What movie have you seen recently?


Damn. The last movie I considered walking out on was that Avatar movie.


“Imagine if Hollywood was a person and cloned themselves. Then Hollywood starts sucking Hollywoods dick. There, that’s most of the story. White man tries to save jazz.”

We compared this movie to Avatar and Titanic on the walk home, in saying that no matter how unoriginal or bland the story might be, James Cameron is a master movie maker, and knows how to put together a blockbuster. La La Land fails at even the most basic movie making skills.

I can’t believe this had the same writer/director as Whiplash!


I don’t know if this is a common theory for Inception, or just something I thought about, but I think everyone missed a major plot point in inception.

Cobb, Leonardo DiCaprio’s character, makes a big deal about telling people not to tell people what your totem is, not to let them touch it, etc. since that’s the only way you can determine if you’re still dreaming or not, and you don’t want to give other people that power.

At the same time though, everyone seems to know what his totem is, and he actually uses his wife’s totem as his own. Additionally, there’s the one scene showing an aged Ken Watanabe where Cobb’s top is spinning in front of him.

So here’s my crazy idea…

What if the top is not actually Cobb’s totem and is just a red herring? What if, in actuality, his totem are his children’s faces?

Throughout the entire movie, the camera cuts away or obscures his children’s faces. The audience never sees them until the very end of the movie. While the top may still be spinning when the movie ends, Cobb goes outside to join his children and the audience can clearly see their faces.

To me, that means that Cobb was intentionally misleading everyone as to what his totem was, and he knows he wakes up at the end when he joins them outside.


This guy addresses that (warning, 40 mins long):

The face theory doesn’t fit either. They’re not a thing you can take with you (modulo Hannibal Lecter), and everyone else who’s ever seen his kids IRL (Mal) would also break the totem.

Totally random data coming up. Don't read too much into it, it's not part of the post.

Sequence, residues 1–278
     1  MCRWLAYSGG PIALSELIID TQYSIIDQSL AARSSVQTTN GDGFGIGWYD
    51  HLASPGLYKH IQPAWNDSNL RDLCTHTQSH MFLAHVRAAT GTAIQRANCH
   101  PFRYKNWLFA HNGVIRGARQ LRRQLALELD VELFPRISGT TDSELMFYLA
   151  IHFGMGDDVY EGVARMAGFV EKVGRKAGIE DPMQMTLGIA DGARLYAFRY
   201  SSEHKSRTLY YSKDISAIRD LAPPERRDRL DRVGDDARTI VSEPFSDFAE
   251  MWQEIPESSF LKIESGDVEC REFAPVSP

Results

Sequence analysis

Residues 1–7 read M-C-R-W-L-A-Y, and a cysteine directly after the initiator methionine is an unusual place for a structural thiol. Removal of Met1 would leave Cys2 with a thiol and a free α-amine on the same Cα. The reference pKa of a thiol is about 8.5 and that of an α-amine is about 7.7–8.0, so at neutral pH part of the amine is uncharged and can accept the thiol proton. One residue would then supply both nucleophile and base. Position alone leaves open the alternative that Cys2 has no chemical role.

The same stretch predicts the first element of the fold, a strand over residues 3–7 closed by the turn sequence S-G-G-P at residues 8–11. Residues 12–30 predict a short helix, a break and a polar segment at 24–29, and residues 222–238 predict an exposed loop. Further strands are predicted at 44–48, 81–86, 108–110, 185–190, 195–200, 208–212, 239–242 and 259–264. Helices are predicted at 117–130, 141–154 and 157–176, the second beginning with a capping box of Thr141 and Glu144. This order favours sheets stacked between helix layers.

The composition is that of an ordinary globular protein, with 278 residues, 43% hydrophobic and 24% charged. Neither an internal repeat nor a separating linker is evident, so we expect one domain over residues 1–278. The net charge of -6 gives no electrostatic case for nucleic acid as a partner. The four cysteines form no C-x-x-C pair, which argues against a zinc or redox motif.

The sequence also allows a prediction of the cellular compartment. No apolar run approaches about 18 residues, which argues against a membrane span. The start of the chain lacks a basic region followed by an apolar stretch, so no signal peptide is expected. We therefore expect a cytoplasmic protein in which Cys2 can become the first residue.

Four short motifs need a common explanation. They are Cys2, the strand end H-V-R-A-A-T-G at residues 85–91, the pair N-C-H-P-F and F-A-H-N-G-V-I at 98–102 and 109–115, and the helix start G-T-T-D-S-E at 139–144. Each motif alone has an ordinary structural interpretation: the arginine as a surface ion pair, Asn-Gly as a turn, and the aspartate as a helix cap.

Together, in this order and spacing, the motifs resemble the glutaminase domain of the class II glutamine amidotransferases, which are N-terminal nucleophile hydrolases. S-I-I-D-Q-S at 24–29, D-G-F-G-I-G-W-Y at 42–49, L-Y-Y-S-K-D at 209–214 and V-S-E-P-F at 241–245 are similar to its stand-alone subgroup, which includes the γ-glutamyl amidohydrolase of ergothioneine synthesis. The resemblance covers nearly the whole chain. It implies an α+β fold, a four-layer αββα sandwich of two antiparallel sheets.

His left hand (and presumably, wedding ring) is always hidden when they’re in dreams, too. If you’re looking for alternate totems, that’s a much more compelling hypothesis.


I’ll have to watch the video when I get home from work tonight, thanks for sharing it, but Mal is dead when the movie takes place, so no one besides Cobb would know what their faces look like, other than him, and after every job, he makes a point of going “home” to see them, so that could be a way for him to keep checking his totem.


Airbender or blue people?


[quote=“Rym, post:61, topic:73, full:true”]
Damn. The last movie I considered walking out on was that Avatar movie.
[/quote]I walked out of “Despicable me”, during a double date. Without my date. Played a few arcade games in the lobby and took a nap instead.


[quote=“jabrams007, post:63, topic:73, full:true”]
Cobb, Leonardo DiCaprio’s character, makes a big deal about telling people not to tell people what your totem is, not to let them touch it, etc. [/quote]
Not only Cobb but Arthur and Mal.

[quote=“jabrams007, post:63, topic:73, full:true”]
At the same time though, everyone seems to know what his totem is, and he actually uses his wife’s totem as his own.[/quote]
They see it but the don’t know what it feels like so they can’t recreate it perfectly when constructing a dream. Dreams feel realistic to us because they draw on our memories of the environment, beings and objects within it. Like you could do a blind test of me picking up my phone or mouse or keyboard and compare it to another of the same model and I could determine which is mine either immediately or within seconds. Cobb and Ariadne have seen Arthur’s totem. Similarly Cobb has seen Ariadne’s totem.

However the salient point you make is that Cobb never actually has his own Totem, he has Mal’s so this links to the final scene, and actually every time he constantly needs to fiddle with it, it’s not his. He could also be in someone else’s dream, hence at the end when the audience determines that there is an opening into whether Cobb is still in a dream.

That is indeed a theory but I read it more as Cobb being hazy on the memory of his children, we don’t know how old they are or how long he’s been kept away but we can guess a substantial amount of time from the events of the film.

The audience visualises his children’s faces for the first time in the film but there is no growth or change from his memory, like when you remember a detail of a dream, further enhancing the aspect of Cobb accepting this dream / simulation as a settling point for him as he turns his back on Mal’s spinning top.